I cannot find specific data on how long academics stay at the same university. But, for the general population the average time at the same employer (not the same job) is 4.2 years. Reflecting on my time working with and for academics, I feel like few leave their current employer to work as an academic elsewhere. Most stay where they are until they are forced to leave. Often because they were unlucky with grants, or because they decide the precarious nature of academic life is no longer worth the trouble.
Having seen people in these kinds of situations regularly, I think that leaving (for a new job or new career) has an overall positive impact on your career AND your mental health.
In fact, I’ve helped people make 3 different types of job switch in the last 12 months:
- Application for academic promotion (we’ll call this person Ash).
- New academic job with the intent of being promoted (we’ll call this person Lee).
- Become self-employed (we’ll call this person Sam).
Of all of the transitions, I believe internal academic promotion is the hardest. It may also be the most disheartening of the 3 processes. In my case, Ash was from a non-traditional academic role (think more technical than subject matter expertise). That added it’s own set of complexities, given the internal promotion process was set-up with a different kind of academic in mind. This complexity was even noted by Ash’s line manager. To combat this, Ash and I developed a narrative/story arc of the non-traditional academic career. Bringing together their experiences, training and achievements to demonstrate how their technical role had intrinsic academic value, while also helping other traditional academics build their traditional career. When selecting examples of work, grant or publication success we were careful to specify the link to academic performance. We did not necessarily nominate the highest impact factor paper as their best. Instead we looked at how the work was received in the community and its actual impact. And “What happened?” I hear you ask. We don’t know. And that is one of the biggest challenges of this route of career building. The promotion round is a protracted process. Taking a year from submission through interview, notification and FINALLY award. And, if you’re unsuccessful, you’ll probably be asked to wait at least another 12 months (so that you can “build” the areas that need building) before applying again.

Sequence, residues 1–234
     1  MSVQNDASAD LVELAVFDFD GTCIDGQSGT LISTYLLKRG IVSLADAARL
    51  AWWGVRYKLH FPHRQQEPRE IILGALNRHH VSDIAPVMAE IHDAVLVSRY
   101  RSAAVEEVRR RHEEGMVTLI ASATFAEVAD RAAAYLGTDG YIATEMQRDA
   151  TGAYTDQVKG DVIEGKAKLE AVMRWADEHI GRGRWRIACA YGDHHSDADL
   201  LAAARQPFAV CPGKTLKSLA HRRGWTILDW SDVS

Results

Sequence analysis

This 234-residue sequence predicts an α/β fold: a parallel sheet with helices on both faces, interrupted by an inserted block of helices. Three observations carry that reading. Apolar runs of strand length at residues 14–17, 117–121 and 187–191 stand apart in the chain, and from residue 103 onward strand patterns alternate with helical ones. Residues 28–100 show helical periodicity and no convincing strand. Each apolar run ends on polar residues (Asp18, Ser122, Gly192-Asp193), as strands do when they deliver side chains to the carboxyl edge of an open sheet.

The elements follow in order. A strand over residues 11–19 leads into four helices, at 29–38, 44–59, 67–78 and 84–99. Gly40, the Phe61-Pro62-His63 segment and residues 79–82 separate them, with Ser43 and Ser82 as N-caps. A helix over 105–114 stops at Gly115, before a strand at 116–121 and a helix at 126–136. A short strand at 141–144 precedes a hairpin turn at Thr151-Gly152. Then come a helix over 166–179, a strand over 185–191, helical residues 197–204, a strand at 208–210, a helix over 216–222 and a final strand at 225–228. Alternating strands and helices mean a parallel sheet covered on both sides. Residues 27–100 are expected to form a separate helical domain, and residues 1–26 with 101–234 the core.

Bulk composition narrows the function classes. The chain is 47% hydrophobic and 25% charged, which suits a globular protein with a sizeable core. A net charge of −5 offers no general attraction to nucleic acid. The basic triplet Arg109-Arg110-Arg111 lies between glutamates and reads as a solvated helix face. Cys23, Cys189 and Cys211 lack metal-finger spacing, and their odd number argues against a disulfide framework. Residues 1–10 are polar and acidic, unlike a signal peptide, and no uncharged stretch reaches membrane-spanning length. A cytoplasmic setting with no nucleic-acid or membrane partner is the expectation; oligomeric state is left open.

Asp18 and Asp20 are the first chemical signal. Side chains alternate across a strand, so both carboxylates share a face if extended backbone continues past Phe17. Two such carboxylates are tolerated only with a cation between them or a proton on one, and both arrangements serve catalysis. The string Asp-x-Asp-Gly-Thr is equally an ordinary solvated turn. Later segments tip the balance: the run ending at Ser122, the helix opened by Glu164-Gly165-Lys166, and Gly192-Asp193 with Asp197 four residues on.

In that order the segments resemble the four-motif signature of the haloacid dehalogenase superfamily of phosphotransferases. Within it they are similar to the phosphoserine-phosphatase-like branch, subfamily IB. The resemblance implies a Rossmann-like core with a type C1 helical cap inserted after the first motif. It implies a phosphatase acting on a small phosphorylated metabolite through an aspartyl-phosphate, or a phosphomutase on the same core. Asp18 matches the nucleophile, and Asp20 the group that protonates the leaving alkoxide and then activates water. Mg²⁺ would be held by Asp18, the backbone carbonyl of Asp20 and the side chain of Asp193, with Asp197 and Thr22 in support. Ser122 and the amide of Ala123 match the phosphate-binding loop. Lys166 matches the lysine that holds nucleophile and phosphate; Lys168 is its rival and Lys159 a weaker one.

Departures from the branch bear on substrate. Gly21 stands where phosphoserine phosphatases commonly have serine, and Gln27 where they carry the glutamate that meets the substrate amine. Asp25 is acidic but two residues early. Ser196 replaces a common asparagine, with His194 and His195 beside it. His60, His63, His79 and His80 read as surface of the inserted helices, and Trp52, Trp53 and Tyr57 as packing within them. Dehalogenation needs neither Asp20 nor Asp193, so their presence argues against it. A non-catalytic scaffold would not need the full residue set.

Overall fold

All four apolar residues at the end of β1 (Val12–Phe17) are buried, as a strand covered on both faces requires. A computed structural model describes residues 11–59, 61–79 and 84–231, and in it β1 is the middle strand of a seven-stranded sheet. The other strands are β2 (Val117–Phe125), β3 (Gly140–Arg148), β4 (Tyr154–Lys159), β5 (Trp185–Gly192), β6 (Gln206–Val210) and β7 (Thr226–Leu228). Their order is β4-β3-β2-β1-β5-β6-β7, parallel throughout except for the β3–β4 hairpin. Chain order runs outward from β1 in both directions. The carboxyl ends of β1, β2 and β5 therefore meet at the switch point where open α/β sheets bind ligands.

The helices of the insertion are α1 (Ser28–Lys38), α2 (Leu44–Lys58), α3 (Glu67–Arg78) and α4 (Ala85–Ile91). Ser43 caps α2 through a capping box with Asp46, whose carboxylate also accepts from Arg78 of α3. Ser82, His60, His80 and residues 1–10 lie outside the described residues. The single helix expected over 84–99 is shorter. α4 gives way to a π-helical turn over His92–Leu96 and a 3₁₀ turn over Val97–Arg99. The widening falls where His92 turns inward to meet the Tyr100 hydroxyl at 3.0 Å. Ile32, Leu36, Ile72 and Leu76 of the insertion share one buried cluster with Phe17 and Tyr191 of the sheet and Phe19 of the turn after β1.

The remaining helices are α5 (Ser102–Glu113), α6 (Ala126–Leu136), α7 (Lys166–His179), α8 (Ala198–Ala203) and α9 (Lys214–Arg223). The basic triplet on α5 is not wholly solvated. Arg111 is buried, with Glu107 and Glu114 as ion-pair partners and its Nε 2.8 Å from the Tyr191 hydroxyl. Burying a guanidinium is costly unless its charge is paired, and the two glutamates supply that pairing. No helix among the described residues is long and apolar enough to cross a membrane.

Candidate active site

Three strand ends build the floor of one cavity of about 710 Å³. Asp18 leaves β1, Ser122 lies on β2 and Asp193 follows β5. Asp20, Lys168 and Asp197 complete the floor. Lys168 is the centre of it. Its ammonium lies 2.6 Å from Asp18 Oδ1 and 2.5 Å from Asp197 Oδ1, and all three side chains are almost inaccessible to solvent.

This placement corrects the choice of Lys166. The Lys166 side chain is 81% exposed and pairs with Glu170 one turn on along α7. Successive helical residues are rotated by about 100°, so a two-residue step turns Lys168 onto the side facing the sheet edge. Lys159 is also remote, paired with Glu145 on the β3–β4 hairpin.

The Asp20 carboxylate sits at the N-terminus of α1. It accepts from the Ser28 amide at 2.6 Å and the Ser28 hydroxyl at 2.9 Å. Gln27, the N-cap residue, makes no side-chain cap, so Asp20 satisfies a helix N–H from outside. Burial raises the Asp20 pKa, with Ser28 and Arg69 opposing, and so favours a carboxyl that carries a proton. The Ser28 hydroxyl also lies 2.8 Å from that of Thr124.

If you’re keen on staying in academia, I think it is easiest to get promoted by changing employers. At the very least, the process is unlikely to be a full year. It might be a few months, but not a year. You’ll get more immediate and direct feedback too. Not being shortlisted for interview let’s you know your resume needs work (even if you don’t get personalised feedback). And following interview, you can ask how you faired compared to the other candidates. In terms of helping Lee, we worked on her resume. Bringing it down from a long academic CV, into something that was/is easier to skim. Just like with Ash, we ensured the resume had a clear career narrative/story arc; publications, and grants were highlighted based on their outcomes, not their “paper value” and we allowed hirers to request more information. Using this approach, Lee applied for 3 jobs and got 3 interviews, being the preferred candidate in 2 cases! Lee has now switched employers and is very happy they did so. This outcome was particularly satisfying for Lee because they were told not to apply for internal promotion “just yet”. Furthermore, being offered a new role elsewhere, Lee was able to negotiate some parts of the new contract, not to mention being given some “slack” when it came to early year grant and/or publication success.
In some cases, your academic career (or just your PhD) has commercial value to your or other people. This was the case for Sam. Like any PhD journey, Sam became the expert in the field. This also made them highly sought after by patients, and clinicians. Fed up with their current employer (who they’d been with for more than a decade), Sam jumped into self-employment. Together, we navigated the road out of paid employment. Setting up safety net’s (emergency funds) and backstops (insurance) to reduce the fear factor associated with being self-employed. We also talked through pricing and invoicing, a major stumbling block for many small business people (as Peter Cook says, we’re all dysfunctional around money). And of course, we covered marketing and promotion including establishing a strong web and social media presence. Sam is now 12 months into their fully self-employed journey and loving it!
Different people will have their own ideals. What and how they want to build a career. But what I can say in all cases, making the opportunity (rather than waiting for it) will be a faster path to your success. And, in many instances leaving a job and an employer has FAR more upside than downside..
So, if you’re wanting more from your job, career or business, start making it happen.
“Brilliant work, Richard. Thanks so much for presenting today. I have started the legend file and referred several people to your website to check out your other presentations.”
Dr Katrin Gerber, Research Fellow
Dr Richard Huysmans helped build the first Victorian Allied Health Careers Pathway Blueprint. In addition, Richard has helped more than 200 clinicians, technicians, PhD students, early career researchers and established academics build their careers.. He has provided strategic advice on leaving academia, staying in academia, returning to academia, partnering with industry, growing a career by building new centres and institutes, as well as establishing new programs. As a #pracademic, Richard understands the need to have practical solutions to academic problems. He knows how to identify transferable skills and what makes a good resume.
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